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Technology Collaboration Programme by IEA

Techno-Economic Assessment of Electrochemical CO2 Conversion Technologies

R. Detz, C. Ferchaud, A Kalkman, C. Sanchez Martinez, M. Saric, M Shinde

Citation: IEAGHG, "Techno-Economic Assessment of Electrochemical CO2 Conversion Technologies", 2023-03, October 2023.

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Publication Overview

This study aims to assess the costs and greenhouse gas (GHG) emissions performance of selected electrochemical CO2 conversion pathways. It applies a learning curve method to project costs up to 2050.

Publication Summary

  • Of several pathways reported in the literature, this study identified six pathways that have reached sufficient technology readiness level (TRL > 4) and sufficient data to allow for a first techno-economic assessment (TEA).
  • The pathways include processes that produce carbon monoxide (CO), syngas (CO + H2), formic acid (HCOOH) and ethylene (C2H4), either by low-temperature (LT) electrolysis, high-temperature (HT) solid oxide electrolysis or a tandem LT/HT process.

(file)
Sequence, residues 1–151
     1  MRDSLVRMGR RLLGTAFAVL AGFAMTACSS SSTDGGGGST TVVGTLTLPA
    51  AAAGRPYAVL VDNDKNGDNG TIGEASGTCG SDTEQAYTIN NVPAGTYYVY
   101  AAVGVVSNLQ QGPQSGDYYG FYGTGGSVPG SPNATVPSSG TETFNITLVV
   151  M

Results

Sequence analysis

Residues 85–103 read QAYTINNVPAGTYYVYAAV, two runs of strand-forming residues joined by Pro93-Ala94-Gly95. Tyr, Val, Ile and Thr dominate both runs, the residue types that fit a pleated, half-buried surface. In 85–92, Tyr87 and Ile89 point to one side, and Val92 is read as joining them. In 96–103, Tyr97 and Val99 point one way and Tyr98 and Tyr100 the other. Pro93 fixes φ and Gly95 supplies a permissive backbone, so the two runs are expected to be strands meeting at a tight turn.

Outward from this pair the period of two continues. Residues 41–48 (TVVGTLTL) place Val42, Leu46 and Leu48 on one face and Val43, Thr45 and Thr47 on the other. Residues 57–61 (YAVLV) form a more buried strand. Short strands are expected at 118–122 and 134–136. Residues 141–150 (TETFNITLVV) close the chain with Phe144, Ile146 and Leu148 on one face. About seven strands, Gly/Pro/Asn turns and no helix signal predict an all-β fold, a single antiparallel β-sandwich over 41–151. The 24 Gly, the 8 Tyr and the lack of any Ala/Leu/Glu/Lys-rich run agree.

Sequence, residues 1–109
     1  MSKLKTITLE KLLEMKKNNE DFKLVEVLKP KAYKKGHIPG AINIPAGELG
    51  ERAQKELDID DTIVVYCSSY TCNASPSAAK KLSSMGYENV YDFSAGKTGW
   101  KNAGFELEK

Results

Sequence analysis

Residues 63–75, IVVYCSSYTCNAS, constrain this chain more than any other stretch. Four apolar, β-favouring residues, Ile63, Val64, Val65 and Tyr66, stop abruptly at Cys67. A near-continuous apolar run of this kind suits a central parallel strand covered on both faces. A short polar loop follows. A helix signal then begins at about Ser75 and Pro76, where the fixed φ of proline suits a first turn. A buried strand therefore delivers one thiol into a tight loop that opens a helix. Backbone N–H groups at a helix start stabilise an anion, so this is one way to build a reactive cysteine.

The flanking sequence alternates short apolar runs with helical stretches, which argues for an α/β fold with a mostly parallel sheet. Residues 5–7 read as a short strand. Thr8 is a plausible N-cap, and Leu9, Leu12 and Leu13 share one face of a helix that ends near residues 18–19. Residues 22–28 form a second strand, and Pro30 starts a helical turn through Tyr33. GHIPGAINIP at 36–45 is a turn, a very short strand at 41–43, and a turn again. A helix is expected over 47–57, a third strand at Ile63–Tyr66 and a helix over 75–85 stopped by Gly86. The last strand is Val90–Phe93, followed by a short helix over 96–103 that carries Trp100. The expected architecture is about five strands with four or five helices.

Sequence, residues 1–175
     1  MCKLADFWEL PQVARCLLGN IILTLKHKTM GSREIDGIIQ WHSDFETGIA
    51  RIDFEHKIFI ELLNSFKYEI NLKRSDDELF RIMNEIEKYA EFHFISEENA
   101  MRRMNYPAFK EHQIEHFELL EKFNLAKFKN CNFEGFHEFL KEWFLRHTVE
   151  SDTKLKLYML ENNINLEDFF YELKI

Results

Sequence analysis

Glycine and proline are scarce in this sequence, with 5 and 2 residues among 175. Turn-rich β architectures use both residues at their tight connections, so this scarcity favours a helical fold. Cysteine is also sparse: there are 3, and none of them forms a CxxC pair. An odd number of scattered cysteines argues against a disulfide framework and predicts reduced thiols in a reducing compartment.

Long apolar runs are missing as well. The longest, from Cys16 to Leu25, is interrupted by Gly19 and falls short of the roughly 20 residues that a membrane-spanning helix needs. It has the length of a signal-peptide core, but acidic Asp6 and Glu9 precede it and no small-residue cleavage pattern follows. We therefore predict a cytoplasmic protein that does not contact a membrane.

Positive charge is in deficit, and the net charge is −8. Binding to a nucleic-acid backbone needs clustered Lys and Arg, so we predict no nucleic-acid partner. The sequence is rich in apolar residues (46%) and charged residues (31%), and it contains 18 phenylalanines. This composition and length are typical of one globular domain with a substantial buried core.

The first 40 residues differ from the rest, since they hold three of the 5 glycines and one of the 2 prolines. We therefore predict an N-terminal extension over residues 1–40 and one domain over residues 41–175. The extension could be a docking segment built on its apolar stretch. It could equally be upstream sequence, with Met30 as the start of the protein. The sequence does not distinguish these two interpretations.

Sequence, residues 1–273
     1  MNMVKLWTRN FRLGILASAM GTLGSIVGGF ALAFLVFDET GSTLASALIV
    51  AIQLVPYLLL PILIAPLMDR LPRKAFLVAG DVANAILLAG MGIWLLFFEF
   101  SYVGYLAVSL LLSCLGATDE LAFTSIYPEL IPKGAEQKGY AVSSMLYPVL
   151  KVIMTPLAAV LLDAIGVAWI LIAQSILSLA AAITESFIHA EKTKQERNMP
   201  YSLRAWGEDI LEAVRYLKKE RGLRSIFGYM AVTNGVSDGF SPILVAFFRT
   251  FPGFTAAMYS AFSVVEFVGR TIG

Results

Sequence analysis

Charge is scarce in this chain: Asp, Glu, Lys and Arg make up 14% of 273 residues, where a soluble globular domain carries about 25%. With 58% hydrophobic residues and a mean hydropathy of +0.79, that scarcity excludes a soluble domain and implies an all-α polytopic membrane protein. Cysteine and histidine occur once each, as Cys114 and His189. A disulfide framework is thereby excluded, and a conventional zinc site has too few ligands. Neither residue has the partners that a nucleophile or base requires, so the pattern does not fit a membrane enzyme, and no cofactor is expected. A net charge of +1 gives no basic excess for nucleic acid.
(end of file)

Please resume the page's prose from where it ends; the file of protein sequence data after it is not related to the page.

• HT electrolysis to produce syngas is the closest to reach break-even levelised production costs compared to the fossil reference. The economic performance of all routes is mainly determined by the CAPEX component and thanks to steep learning of the HT pathways, these routes are likely first to reach break-even. LT electrolysis processes still need a substantial reduction in investment costs to reach break-even.
  • The GHG performance of the pathways is highly dependent on the emission factor of the electricity used. Electrochemical production of formic acid, CO and syngas results or can soon result in substantial GHG savings compared to the fossil reference. CO2 taxation between at least 60 and 636 €/tCO2 is estimated to be required. Electrochemical production of ethylene would require a very low (< 50 gCO2e/kWh) emission factor to be competitive with current production methods and CO2 taxation of more than 2000 €/tCO2 is estimated to be necessary.
  • As the assessment in this study involves the assessment of relatively low TRL technologies, it is important to keep in mind that the related uncertainties can be high.
  • The results of this study will be of interest to research organisations, industry, as well as financial RD&D sponsors.
  • Recommendations:
  • This study identified several knowledge gaps and suggestions for future research direction, which can be picked up by research organisations. One overarching topic concerned information on the purity requirements of the CO2
  • On a more general level, more development and investments are necessary to enhance TRL and decrease costs of the investigated CO2 electroconversion routes. Especially pilot projects which demonstrate the entire process chain will be necessary to validate the projected economic and environmental performance.

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